Since you’ve chosen (with your personal responsibility) to be so rude and irritable, I see no reason not to carry on irritating you.

            • Mainlander 7.1.1.3.1.1

              Do as you wish, its not like most of your idiotic rants cant be scrolled past except for the fact you take up so much room on the threads inbetween the intelligent comments and rational (non abusive) debates

    • Ad 7.2

      LPrent is pointing out New Zealand’s growing narrow exporting reliance and vulnerability to the dairy industry – and clearly you don’t disagree with that. The botulism crisis required our Prime Minister to do a major apology tour to China – that’s the scale of risk he sees it representing.

      The dairy industry will in a few short years be more important than the whole of the public sector economy- and well beyond the influence of direct democracy. Every future government needs to develop a broad and enduring relationship with the dairy industry to manage the collective risk to New Zealand – across many policy fields – that it now represents.

      • srylands 7.2.1

        What on earth do you want the Government to do? What New Zealand companies produce and export is a function of markets.

        • One Anonymous Bloke 7.2.1.1

          Are you back on that tiresome dribble-fest again?

          If it’s all about the market why does Oravida need it’s own anonymous border official and why did the lying Prime Minister go to China to allay fears about botulism?

          • Rob 7.2.1.1.1

            So you want more of that OAB, is that a good thing?

            • One Anonymous Bloke 7.2.1.1.1.1

              Did you get the point Rob: that there are certain things that governments do that markets can’t (naturally the reverse is also true)?

              S Rylands knows this, we had the discussion last week, and yet it comes up with monotonous regularity, almost as though right wingers were suffering from an echo-chamber mentality where they mindlessly repeat received dogma rather than think for themselves or perform perfunctory reality checks from time to time.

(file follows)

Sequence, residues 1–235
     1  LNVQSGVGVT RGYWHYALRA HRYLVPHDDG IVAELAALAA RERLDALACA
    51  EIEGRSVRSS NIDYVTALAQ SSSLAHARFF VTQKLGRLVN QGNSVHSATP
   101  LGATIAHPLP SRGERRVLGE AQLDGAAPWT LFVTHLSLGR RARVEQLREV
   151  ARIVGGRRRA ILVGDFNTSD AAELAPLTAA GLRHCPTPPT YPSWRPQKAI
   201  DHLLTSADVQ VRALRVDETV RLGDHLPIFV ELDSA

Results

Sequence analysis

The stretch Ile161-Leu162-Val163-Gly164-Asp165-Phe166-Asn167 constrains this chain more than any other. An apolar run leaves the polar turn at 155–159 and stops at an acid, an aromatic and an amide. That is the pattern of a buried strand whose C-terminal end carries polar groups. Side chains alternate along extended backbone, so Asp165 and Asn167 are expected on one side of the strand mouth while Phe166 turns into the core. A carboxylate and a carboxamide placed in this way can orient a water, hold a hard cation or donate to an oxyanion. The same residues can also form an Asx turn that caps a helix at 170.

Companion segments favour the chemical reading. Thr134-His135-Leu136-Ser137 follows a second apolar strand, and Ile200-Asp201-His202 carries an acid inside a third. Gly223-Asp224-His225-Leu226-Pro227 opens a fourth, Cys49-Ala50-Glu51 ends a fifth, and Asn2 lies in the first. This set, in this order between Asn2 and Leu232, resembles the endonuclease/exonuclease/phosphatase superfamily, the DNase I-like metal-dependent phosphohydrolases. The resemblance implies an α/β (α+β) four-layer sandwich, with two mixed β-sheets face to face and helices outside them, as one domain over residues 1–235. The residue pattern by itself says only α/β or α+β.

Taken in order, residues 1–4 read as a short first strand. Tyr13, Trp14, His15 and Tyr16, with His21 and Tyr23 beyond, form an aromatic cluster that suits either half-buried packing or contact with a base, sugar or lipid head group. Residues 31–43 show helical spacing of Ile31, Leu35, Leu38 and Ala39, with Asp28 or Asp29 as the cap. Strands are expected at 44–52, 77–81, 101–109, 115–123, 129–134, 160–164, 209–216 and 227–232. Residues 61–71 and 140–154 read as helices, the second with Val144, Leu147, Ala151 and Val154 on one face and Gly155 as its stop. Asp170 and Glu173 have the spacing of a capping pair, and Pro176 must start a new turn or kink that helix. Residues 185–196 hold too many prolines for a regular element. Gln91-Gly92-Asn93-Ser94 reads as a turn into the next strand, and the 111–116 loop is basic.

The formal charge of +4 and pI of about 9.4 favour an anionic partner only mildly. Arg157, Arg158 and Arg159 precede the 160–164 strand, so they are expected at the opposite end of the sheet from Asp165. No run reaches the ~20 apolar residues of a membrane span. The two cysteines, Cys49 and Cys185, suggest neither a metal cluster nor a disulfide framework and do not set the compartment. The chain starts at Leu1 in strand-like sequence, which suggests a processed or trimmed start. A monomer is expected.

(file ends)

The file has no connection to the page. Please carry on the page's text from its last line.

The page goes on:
• Nakiman 7.2.1.1.2

            You are the one who is dribbling One Abusive Bloke. Are you really that thick

            • One Anonymous Bloke 7.2.1.1.2.1

              Did it sail right over your head Parrotman? Government behaviour has a profound effect upon ‘the market.’ If you don’t accept that I can recommend a detailed study of conditions in Somalia. Note in particular the positive changes that have occurred since the reestablishment of something approaching a government.

        • framu 7.2.1.2

          so its nothing to do with policy settings and signals coming from govt?

        • Draco T Bastard 7.2.1.3

          Due to your willing blindness you may not have noticed that markets don’t work to provide what a country needs.

        • Ad 7.2.1.4

          The dairy industry is to New Zealand what banks are to New York or London:
          too big to fail.
          And there I have described the limits of markets for you in a phrase you may understand.

          Let me tell you want I want the government to do. I want our government to engage with the dairy industry as if most of our export economy and international reputaiton is at stake – because it is. I am pretty confident the author of the post would as well.

          Imagine if this government was as prepared to intervene in the dairy industry or indeed the i.t. development sector with as much “market interference” as they have been into the gambling industry, film industry, housing industry, electricity industry, competitive yacht racing industry, and irrigation industry.

          Apart from the absurd hobby-horses listed above, National’s MBIE and Joyce in particular are utterly directionless.

    • Draco T Bastard 7.3

      The main point of the post, even if Lynn doesn’t realise it, is that international trade is dying and that we won’t be able to export ourselves to wealth and that we’ll have to fall back upon our own resources. Of course, that was always going to happen.

      • Rob 7.3.1

        Draco, I don’t want top comment on what is happening on international trade , however there is return to local fabrication and more discussions and opportunities are occuring in regards to why dont we do it here as opposed to just purchasing off shore.

        This is actually enhanced by having a high dollar. We still require a large level of base raw materials to be imported (ranges of steels, alloys, textiles and many others) but now conversations are about local fabrication than just bringing the whole finished item on shore.

        • Draco T Bastard 7.3.1.1

          We make some of the best steels in the world. I’m not sure but I suspect that the unique makeup of our iron sands means we have an excellent supply of titanium. Unfortunately, it’s presently being used to make what white paint. We also have many other metals available including at least one 20 million tonne deposit of bauxite in Northland.